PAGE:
Coligny farmers and residents are working towards a mutual trust
Churches determined to help the racked town of Coligny heal
It was only when farmers and residents of Coligny in the North West admitted to one another that both were getting things wrong that the dark cloud of distrust started lifting.
Yet every night a mother still grieves for her son, trying to make sense of why some sunflowers cost him his life.
Sitting on an upturned bucket in their shack in the Scotland section of Tlhabologang township, Agnes and Saki Moshoeu are a stone's throw from the new house built for them by Gift of the Givers in the neighbouring suburb.
After the death of their son, 16-year-old Matlhomola Moshoeu, on April 20 2017 at the hands of Pieter Doorewaard and Phillip Schutte, violent protests broke out, all but shutting down the small town.
Buildings went up in flames, and racial tension flared.
Agnes is not prepared to forgive them, nor is she prepared to move into the house, as it will take her away from her son's grave. Also, the family are worried about tensions between black and white people in the town, and how they will fit into the "predominantly white" neighbourhood.
A councillor has taken her to see the house, but she has not yet received a key.
Sitting on a bench outside her house in Tlhabologang, pastor Bella Lemotle of the Soul Winners Church played a video of a peace march in November. White and black residents walked from their homes holding placards asking for peace to the centre of town to the tune of Amazing Grace.
"Watch this, this is beautiful," she said.
It was not enough to rebuild the town, the local churches realised. They also had to fix a community.
The Coligny Peace Forum was the vehicle. Together with Dutch Reformed Church pastor Tewie Pieters, the forum has for the past 22 months worked to bring reconciliation to the divided farming community.
Methodist bishop Paul Verryn, who has mediated very tricky situations, led the process. This past week that tenuous peace was put to the test as sentencing procedures - which will resume in March - started for Doorewaard and Schutte in the high court in Mahikeng, 50km away.
In the court an invisible line separated black and white. EFF members in their distinctive red outfits squeezed in among the families of the accused - seemingly to rile them - and were given annoyed stares from some in the mainly white bloc.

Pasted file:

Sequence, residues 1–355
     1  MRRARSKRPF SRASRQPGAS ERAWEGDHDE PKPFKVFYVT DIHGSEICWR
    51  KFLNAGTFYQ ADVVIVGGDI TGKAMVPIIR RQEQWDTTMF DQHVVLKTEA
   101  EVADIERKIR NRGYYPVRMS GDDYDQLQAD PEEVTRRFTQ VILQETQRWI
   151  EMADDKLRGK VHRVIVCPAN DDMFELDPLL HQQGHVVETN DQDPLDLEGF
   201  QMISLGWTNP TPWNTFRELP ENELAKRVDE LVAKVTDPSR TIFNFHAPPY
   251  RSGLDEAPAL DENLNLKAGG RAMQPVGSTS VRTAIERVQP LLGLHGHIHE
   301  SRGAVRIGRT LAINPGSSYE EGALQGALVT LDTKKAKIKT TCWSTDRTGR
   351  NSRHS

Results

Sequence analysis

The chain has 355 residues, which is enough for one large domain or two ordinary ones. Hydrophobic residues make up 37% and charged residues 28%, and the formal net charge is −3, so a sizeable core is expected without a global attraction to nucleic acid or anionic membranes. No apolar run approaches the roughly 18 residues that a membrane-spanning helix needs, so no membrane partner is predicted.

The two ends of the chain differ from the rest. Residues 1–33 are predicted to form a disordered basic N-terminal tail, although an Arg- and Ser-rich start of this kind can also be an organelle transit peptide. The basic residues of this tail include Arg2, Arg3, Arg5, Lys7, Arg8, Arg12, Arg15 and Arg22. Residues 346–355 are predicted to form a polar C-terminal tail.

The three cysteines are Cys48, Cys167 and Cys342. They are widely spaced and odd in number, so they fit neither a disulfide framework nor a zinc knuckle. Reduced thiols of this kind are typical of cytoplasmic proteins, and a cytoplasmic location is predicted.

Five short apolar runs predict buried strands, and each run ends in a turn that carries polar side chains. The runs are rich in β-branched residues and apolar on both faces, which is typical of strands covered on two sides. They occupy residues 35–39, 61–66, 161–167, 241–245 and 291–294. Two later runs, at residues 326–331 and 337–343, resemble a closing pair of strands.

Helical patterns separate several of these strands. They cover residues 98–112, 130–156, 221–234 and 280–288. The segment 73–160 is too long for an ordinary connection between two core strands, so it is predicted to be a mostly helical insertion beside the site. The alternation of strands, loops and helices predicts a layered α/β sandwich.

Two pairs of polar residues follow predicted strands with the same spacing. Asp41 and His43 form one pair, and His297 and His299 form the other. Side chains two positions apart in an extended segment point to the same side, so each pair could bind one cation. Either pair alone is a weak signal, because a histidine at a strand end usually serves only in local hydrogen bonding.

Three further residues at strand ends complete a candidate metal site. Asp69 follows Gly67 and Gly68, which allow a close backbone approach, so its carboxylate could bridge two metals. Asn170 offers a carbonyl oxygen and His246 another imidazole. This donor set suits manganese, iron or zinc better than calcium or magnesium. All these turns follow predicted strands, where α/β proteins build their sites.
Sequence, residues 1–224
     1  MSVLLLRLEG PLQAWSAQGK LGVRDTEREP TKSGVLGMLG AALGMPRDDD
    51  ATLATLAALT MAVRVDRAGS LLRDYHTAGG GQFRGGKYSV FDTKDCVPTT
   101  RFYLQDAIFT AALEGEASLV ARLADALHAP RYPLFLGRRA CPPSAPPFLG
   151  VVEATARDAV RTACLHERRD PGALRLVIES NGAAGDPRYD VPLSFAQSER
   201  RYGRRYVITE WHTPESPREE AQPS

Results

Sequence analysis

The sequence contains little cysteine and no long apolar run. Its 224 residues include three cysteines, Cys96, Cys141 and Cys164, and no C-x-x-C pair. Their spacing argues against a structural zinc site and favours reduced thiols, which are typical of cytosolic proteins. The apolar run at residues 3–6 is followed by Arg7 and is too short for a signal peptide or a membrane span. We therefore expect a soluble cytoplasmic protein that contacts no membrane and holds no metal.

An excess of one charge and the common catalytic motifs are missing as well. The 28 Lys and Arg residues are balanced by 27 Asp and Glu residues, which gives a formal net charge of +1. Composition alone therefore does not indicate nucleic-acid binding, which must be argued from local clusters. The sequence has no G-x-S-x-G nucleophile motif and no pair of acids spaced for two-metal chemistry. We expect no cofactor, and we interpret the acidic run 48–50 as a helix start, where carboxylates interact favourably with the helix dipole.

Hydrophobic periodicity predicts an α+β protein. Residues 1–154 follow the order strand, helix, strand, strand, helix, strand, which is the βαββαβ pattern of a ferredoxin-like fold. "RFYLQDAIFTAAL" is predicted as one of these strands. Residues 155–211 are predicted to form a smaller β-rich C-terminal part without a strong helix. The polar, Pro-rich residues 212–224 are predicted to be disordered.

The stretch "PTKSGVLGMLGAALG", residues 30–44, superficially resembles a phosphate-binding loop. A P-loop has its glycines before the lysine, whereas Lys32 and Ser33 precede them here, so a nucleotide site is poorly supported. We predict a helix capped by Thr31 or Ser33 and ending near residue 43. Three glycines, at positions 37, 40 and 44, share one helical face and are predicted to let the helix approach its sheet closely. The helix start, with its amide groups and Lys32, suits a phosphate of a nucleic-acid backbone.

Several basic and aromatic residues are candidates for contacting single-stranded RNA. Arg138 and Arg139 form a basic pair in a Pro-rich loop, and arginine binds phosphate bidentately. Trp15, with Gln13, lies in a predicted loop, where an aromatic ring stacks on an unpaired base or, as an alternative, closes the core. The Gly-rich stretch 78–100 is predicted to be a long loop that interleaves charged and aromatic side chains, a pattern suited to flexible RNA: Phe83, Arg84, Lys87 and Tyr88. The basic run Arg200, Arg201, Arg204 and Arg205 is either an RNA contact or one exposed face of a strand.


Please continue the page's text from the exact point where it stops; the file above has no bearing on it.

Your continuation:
Residents in support of the Moshoeu family sat on the other side of the court.
Back home, despite wariness returning, the forum refuses to give up. "I want to see peace in Coligny," said Lemotle.
Pieters, a mining company owner and farmer before he became a church minister, said the tension and violence before were "very bad".
"Something good must come out of this bad." It was during this turbulent time that Pieters realised how little people in the community actually knew about one another.
"So the challenge was to start with a reconciliation process. The church can get into people's hearts and minds."
Lemotle asked her community if they "believed forgiveness is there", and they signed a pledge for the forum to continue.
For that first meeting, they asked Pieters to bring farmers to a meeting at the church.
"We listened to the farmers telling us their stories," said Lemotle. She said theft was leaving farmers vulnerable.
"The maize farm opposite her home is vacant since wide-scale theft drove the farmer from the land.
In 2017 volunteers and Pieters started to clean and paint Coligny and Tlhabologang, with a donation of 4,000lof paint. A farmer offered his bakkie to cart rubbish away.
Pieters and Lemotle met with premier Job Mokgoro to ask for assistance. Pieters is also negotiating with investors about a farming project that will create 300 jobs and an NGO will help residents with skills development.
Lunch is provided daily to the volunteers, thanks to farmers chipping in.
Verryn had words of encouragement, though.
"This could be a new model for SA. Communities must begin to start resolving their difficulties."